Yahoo! Wants To Start Developing TV Shows Of Its Own

How Yahoo! is still around at this point is something of a minor mystery. Ever since Google took over the search world, it’s essentially been copying everything tech leaders do, because innovation is apparently for chumps. Thus it’s not terribly surprising to discover that Yahoo! is imitating Netflix and creating its own line of exclusive TV shows.

Essentially, now that Netflix has shown that people will actually show up in droves to your exclusive digital content if you make it worth watching, everybody’s on the train. Amazon, of course, has been trying to make series stick for a little while now, but even their “hits” don’t exactly come together: Betas is well-regarded, but Amazon isn’t ordering a second season.

Yahoo! doing what everyone else is doing is hardly a surprise. But if you’re a bit skeptical that Yahoo! can go from search engine to must-see TV, well, the New York Times agrees with you:

Yahoo is especially unplugged from that world. In her move to differentiate on quality, [Yahoo! CEO Marissa] Mayer has looked at more than 100 projects and is leaning hard on Kathy Savitt, Yahoo’s chief marketing officer, according to The Journal. But neither has much significant history in the entertainment business, and Mickie Rosen and Erin McPherson, two executives familiar with the media business, recently left the company.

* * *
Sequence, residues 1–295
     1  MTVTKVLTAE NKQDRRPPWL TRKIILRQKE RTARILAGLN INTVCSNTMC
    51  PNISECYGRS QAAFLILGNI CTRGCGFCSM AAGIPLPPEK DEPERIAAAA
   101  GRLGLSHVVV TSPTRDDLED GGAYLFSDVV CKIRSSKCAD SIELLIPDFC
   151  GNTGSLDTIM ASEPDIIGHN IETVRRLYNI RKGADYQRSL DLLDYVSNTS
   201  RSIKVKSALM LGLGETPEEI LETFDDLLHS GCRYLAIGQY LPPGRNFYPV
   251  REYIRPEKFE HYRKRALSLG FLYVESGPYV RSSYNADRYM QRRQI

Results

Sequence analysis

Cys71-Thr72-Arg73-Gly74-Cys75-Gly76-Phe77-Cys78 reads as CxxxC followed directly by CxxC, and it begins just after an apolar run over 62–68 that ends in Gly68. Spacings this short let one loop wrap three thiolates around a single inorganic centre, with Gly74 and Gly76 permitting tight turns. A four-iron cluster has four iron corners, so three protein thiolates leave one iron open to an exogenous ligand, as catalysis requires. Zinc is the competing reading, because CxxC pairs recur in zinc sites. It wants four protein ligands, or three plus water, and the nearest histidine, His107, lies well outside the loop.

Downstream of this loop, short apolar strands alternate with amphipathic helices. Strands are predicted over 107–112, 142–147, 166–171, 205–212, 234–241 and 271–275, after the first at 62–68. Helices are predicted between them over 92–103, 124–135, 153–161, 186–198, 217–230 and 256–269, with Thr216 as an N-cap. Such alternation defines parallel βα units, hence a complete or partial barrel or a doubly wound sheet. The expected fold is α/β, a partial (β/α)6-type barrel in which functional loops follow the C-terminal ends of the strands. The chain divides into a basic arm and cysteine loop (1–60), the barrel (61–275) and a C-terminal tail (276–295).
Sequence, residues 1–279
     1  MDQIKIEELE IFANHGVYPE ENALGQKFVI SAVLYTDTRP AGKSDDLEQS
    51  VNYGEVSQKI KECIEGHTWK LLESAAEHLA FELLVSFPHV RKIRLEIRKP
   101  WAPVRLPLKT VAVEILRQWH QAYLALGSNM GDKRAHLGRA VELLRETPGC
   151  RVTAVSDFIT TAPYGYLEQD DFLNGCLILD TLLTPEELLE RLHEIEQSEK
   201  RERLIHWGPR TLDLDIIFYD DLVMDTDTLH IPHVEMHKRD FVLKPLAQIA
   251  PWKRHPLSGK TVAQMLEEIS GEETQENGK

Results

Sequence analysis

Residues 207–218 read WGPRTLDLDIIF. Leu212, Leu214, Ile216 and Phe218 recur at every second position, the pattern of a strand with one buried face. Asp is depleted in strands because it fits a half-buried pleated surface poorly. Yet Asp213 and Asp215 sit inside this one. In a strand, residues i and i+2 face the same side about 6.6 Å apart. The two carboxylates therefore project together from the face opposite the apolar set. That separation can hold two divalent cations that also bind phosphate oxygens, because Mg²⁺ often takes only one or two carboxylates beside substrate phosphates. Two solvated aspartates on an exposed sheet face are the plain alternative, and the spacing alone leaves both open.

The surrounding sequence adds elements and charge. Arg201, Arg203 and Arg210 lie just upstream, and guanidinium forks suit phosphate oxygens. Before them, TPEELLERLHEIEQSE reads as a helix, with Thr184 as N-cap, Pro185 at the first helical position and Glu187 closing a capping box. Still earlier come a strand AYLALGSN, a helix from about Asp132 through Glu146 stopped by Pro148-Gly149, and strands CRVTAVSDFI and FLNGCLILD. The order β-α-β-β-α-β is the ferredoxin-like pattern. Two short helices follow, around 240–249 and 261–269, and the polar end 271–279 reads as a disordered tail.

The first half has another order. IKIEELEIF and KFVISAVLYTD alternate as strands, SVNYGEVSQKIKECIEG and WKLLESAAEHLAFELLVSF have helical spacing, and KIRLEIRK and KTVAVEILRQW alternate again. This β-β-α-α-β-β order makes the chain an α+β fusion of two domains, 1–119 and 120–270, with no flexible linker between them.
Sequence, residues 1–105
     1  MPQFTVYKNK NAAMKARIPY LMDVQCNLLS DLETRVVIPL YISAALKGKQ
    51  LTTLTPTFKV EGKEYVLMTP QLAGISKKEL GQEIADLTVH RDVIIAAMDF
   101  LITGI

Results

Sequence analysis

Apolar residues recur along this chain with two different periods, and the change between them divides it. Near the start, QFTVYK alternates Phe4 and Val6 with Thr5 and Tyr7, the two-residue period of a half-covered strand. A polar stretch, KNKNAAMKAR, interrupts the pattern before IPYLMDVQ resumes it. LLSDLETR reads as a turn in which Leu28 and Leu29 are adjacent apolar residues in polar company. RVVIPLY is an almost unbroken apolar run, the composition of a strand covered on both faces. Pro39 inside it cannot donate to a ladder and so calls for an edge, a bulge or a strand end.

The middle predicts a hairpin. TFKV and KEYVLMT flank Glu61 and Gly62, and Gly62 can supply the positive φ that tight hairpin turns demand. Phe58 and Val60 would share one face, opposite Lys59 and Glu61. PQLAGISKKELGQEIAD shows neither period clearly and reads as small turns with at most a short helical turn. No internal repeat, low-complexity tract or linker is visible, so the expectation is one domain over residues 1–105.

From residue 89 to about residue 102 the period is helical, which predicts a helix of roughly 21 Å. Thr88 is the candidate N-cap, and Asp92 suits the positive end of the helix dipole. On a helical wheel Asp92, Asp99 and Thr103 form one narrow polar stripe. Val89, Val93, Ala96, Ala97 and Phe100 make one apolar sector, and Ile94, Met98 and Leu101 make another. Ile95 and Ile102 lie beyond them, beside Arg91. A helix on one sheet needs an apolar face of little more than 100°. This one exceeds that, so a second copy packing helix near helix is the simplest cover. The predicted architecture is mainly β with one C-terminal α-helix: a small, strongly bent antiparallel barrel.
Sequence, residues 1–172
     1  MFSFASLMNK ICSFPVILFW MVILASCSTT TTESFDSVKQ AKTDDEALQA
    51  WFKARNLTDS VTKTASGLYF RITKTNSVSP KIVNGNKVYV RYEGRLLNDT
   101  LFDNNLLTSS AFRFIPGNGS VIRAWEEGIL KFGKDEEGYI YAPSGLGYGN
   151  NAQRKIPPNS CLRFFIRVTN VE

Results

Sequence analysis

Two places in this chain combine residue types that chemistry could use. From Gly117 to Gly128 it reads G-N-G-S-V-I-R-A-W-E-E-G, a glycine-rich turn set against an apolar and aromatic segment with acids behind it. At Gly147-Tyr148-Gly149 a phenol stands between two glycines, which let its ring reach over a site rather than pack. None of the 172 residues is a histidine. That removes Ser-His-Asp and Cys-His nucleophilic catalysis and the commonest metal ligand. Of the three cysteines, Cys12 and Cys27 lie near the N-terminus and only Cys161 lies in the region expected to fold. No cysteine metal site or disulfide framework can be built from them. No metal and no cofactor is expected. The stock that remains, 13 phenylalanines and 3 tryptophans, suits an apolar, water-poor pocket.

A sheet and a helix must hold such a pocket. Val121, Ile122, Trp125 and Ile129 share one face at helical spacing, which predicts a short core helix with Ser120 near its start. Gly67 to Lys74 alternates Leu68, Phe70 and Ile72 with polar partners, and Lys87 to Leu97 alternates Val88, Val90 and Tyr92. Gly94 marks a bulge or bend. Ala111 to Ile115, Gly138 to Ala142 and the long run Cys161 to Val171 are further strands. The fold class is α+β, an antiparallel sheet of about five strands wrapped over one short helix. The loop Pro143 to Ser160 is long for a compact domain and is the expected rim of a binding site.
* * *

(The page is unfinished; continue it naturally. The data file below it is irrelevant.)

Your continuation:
This is not the first time that Yahoo has made a big push into Hollywood — in 2004, it had a well-covered foray into major productions with major stars, an effort that ended in naught.

It’s fairly true that Hollywood and Silicon Valley team-ups usually end in a glittery train wreck, but for Yahoo! in particular, this seems like a bad idea. For one thing, name the last time you were on a Yahoo! site for anything other than fantasy sports; I’ve had a email address with the company for more than a decade and it’s the only time I interact with it. Having some dancing twits in a banner above my email is not enticing.

Secondly, one of the problems with online shows is there’s more money than sense. House of Cards works because it’s almost ridiculously splashy; the first season alone cost $100 million and Netflix spends more on its original programming than most TV networks.

Yahoo! is also going up against not just Netflix and Amazon, but also Microsoft and Sony, not to mention the fact that networks like AMC, HBO, and FX are turning out high quality series on a regular basis. So essentially, Yahoo! has more competition than it probably realizes.